On Guinness

Stout is a simple drink that can be brewed anywhere, but people take it very seriously. Because of the Guinness Family’s Loyalism and the brewery’s location in the Pale, Guinness was long known as (at least outside Dublin) as “The Protestant Drink” and hence the existence of regional alternatives such as Beamish and Murphy’s in cities less traditionally Loyalist than Dublin.

The Guinness company moved out of Ireland to the UK in the early 1930s and severed all connections with the new Irish Free State except for the St James’ Gate site, for which it negotiated a ground rent of around €50 per year for several thousand years. In the 18th century this was apparently a good deal. The St James’ Gate site was heavily developed by Guinness during the 19th century into not just a brewery but an entire urban community that was allowed during the worst years of Ireland’s mid-20th century isolationism to become one of the worst slums in Dublin. It’s getting better but, having lived there, it’s tough to up-sell people on buying some of the new apartments when every few days Guinness disgorges some effluent and everything reeks of burning vegetable matter for hours.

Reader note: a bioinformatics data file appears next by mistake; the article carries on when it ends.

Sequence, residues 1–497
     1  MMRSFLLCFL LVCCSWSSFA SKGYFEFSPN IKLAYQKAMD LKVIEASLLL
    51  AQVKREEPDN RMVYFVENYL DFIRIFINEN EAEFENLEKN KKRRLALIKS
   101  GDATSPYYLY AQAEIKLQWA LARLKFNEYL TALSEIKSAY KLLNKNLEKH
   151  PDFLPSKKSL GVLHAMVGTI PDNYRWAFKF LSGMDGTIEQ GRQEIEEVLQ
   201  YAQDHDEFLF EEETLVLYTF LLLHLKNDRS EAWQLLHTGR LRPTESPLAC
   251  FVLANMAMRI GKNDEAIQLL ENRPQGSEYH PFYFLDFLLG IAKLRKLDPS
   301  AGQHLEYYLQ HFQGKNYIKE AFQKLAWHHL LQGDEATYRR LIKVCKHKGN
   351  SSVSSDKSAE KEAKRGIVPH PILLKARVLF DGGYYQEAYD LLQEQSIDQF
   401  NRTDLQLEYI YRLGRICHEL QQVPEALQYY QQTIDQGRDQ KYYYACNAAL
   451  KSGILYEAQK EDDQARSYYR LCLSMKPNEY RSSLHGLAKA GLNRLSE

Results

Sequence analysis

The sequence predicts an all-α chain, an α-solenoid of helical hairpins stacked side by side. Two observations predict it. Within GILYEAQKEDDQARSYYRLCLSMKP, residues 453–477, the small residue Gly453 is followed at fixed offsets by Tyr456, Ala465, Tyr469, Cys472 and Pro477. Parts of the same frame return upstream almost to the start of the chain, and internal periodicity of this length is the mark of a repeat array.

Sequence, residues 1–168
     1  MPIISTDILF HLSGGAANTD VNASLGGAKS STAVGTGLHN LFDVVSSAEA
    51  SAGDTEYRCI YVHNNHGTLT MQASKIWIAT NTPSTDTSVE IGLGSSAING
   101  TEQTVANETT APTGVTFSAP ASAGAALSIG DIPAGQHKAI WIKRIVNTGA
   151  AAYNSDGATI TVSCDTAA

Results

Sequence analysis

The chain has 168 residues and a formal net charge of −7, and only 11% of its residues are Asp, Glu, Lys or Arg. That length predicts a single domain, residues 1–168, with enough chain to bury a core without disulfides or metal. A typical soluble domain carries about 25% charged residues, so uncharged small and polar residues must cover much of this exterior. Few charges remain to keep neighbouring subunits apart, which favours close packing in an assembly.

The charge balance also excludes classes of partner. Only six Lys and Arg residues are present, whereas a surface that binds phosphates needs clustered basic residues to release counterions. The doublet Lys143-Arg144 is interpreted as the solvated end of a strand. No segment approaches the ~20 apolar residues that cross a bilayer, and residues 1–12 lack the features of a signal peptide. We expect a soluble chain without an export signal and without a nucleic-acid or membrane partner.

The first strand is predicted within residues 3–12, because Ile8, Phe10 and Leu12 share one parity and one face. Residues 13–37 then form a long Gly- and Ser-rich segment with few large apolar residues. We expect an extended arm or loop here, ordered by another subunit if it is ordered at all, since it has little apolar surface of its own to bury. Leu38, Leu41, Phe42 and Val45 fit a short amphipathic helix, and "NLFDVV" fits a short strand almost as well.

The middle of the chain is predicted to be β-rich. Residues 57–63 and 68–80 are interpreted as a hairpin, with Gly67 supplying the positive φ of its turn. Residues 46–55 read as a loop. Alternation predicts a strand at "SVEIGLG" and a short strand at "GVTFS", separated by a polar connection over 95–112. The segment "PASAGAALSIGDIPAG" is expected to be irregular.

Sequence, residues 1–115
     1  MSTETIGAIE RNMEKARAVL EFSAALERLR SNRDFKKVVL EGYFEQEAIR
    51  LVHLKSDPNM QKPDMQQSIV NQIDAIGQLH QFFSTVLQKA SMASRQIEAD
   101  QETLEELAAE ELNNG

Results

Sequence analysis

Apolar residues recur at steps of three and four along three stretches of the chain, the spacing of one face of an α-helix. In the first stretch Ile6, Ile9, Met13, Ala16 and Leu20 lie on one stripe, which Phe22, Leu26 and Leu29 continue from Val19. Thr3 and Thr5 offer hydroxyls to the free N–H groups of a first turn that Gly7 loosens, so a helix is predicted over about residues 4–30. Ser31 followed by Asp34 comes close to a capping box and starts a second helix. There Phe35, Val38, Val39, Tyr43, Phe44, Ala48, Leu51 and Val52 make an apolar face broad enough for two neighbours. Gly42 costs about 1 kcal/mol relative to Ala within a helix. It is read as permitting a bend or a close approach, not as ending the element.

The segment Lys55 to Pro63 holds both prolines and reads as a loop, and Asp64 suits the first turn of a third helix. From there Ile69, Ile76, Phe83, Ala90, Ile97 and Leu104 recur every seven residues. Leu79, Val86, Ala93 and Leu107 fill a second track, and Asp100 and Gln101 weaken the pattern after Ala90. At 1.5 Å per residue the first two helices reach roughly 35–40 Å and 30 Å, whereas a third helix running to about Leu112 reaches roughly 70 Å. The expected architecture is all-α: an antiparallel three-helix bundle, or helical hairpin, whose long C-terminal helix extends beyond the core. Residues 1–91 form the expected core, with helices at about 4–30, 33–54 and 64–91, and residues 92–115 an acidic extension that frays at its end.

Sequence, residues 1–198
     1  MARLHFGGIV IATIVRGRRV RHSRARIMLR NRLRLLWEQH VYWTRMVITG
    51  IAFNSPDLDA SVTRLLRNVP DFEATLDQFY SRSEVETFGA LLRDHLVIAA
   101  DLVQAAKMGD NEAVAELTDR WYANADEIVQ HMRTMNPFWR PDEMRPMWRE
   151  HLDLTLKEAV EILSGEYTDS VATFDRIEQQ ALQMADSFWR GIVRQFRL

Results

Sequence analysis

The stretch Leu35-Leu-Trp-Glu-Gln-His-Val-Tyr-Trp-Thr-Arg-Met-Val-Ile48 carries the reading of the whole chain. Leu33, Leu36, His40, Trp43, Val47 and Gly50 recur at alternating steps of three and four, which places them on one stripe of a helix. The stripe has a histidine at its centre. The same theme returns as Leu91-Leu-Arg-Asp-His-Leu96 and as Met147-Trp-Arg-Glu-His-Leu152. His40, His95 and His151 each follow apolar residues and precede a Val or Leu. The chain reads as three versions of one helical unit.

The Guinness family was finally driven out of Ireland during following the Irish Civil War and the low-grade ethnic cleansing of Protestants that continued afterwards. You can walk in St Anne’s Park in Dublin and see the remains of the Guinness Mansion that was burned. It’s quite evocative.

The way Guinness appropriated all the symbols of the old Kingdom of Ireland (green, harp, etc) and so denied their use by its successor states, and the way it managed to lose its politically dodgy symbolism, is truly remarkable marketing. It’s as big as Coke re-colouring Santa to be red and white all over.

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